Berkeley Lab

Computer Security Annual Training (SEC 0201)

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Loss of PII or PHI

    Throughout this course, we'll often start by asking you a question and then provide an answer and discussion. Our first topic starts with the question below.


    A manager in Human Resources is working on a report to submit to DOE on new hires. As part of this work, a colleague emails him a list of Berkeley Lab employees that includes their name and social security numbers.

    What should the manager do?

    1. Keep the data encrypted on his hard drive and send an encrypted version to DOE
    2. Delete the information and report it to
    3. Remove the social security numbers before sharing with DOE
    4. Work with the sender to determine a way to share a paper version of the data.

    Need help?

    Use these links:
    Policy and guidance on Protected Information

    Berkeley Lab prohibits sending Personally Identifiable Information (PII) via email. In this scenario, an employee emails a form of PII - social security number plus name.

    Since PII should not be sent via email, the correct response was #2 - Delete the information and report it to PII should never be shared via email unless the use has been approved by Cyber Security Operations and appropriate protections are put in place.

    Why not #1: Keep the data encrypted on his hard drive and send an encrypted version to DOE?
    PII should never be stored outside of the Human Resources Information System (HRIS) and the Financial Management System (FMS) or in this case, on the manager's hard drive. Cyber Security Operations will help you identify how to share the data with DOE.

    Why not #3 or 4: Remove the social security numbers or Find a way to share a paper version?
    Removing the social security numbers or sharing a paper version doesn't change the fact that the data was already emailed and is outside of HRIS or FMS.


    Researchers in the Life Sciences Division are studying the long-term effects of radiation exposure. They have access to radiation exposure records for individuals working at the Lab in the 1970s. They plan to follow up with these individuals and assess their health.

    How should the researchers address any potential privacy issues?

    1. De-identify this information.
    2. Contact to help assess security controls for this information.
    3. Request review from the Human Subjects Committee.
    4. Lock up the original information.

    Need help?

    Use these links:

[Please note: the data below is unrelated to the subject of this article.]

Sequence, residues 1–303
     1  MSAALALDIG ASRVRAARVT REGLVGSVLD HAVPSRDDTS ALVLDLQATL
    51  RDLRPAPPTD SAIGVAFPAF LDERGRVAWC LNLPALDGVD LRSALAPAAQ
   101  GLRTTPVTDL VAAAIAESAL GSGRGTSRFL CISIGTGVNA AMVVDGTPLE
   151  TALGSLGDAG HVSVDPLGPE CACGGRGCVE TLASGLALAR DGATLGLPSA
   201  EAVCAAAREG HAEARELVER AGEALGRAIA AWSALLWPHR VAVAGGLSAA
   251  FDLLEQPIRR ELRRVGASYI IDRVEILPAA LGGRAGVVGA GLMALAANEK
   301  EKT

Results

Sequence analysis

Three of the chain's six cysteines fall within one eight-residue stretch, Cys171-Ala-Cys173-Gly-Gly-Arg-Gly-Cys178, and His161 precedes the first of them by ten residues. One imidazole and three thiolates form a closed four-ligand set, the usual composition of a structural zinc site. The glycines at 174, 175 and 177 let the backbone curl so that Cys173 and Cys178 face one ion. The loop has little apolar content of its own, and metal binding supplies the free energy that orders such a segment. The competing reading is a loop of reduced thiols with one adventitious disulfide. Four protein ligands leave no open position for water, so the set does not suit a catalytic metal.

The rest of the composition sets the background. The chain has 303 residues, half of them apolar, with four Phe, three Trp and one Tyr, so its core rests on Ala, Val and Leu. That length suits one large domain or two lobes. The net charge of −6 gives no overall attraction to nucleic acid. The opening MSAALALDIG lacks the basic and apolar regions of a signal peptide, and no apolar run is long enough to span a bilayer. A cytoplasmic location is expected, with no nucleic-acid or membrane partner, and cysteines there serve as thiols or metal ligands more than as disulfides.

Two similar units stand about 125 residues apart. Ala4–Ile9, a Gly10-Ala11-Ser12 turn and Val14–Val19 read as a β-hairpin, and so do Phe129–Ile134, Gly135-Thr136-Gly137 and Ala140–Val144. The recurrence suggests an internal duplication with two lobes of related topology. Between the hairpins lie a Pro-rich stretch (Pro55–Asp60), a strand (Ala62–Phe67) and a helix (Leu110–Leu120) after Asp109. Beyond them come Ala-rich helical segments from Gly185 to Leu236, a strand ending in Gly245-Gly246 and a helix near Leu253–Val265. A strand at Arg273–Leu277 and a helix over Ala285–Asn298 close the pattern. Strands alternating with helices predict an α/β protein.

Policy and guidance on Protected Information

    This example involves work-related health information since it is health information plus a personal identifier. In this case, the health information is the individual's radiation exposure. By law, we must report breaches of health information, which would probably end up making news (we prefer being on the front page for Nobel prizes!).

    The correct response was both 2 and 3. The researchers should:

    • #2: Contact to help assess information security controls for this information. Cyber Security Operations must approve information security controls for the use of health information outside of business systems. Controls will depend on each case.
    • #3: Request review from the Human Subjects Committee. Any research involving human data requires approval from the Human Subjects Committee.

    Why not #1: De-identify this information?
    This is also usually required. However, there may be cases where the research requires identified information. The Human Subjects Committee decides what is appropriate.

    Why not #4 Lock up the original information?
    If it was a paper collection of PII, Cyber Security Operations will probably require that you lock up the information. But this is determined on a case-by-case basis.

    The previous examples illustrated Personally Identifiable Information (PII) that is considered Protected Information and is protected by State and Federal Law.

    To avoid loss or breaches of PII, the following data is prohibited outside of HRIS or FMS (our Institutional Business Systems):

    • Social security numbers
    • Financial account information
    • Drivers license numbers
    • Health information with personal identifiers, for example:
      • Name plus insurance number
      • Employee ID plus treatment information
      • Any unique ID plus any medical information

    If you don't know what HRIS or FMS is, that's a good sign you should not have PII!

    Researchers, work through the Human Subjects Committee in coordination with the cyber security team.

    The following examples are NOT PII:

    • Employee ID alone
    • De-identified health information
    • Phone numbers

    Take Home

    The top threat to Berkeley Lab is the loss of Personally Identifiable Information (PII). Not only could this harm our reputation, it would likely result in controls and restrictions that would damage our open computing environment and as a result, damage science.


    • If you see PII anywhere it does not belong, report it to If you prefer, we can keep your report anonymous.
    • If you are involved in any process that may involve PII, contact and we'll help you develop the best information security controls for your process.

    Do not

    • Do not store PII on your computer, smart phones, external hard drives, or network-mounted/mapped drives, usually indicated by drive letters such as H: T: or V:.
    • Do not email PII.
    • Do not store PII outside of HRIS or FMS, the institutional systems for human resources and financial information.
    • Do not store paper collections of PII unless approved by Cyber Security Operations.